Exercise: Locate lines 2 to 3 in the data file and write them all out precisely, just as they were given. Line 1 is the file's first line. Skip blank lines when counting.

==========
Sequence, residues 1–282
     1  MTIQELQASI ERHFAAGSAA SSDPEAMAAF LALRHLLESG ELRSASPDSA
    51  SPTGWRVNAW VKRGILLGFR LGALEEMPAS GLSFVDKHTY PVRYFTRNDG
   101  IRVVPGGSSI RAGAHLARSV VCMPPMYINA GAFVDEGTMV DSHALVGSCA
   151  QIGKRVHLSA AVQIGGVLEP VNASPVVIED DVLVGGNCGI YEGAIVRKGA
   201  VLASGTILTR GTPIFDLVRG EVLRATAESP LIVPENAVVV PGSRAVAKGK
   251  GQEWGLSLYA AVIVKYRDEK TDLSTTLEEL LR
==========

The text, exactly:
     1  MTIQELQASI ERHFAAGSAA SSDPEAMAAF LALRHLLESG ELRSASPDSA
    51  SPTGWRVNAW VKRGILLGFR LGALEEMPAS GLSFVDKHTY PVRYFTRNDG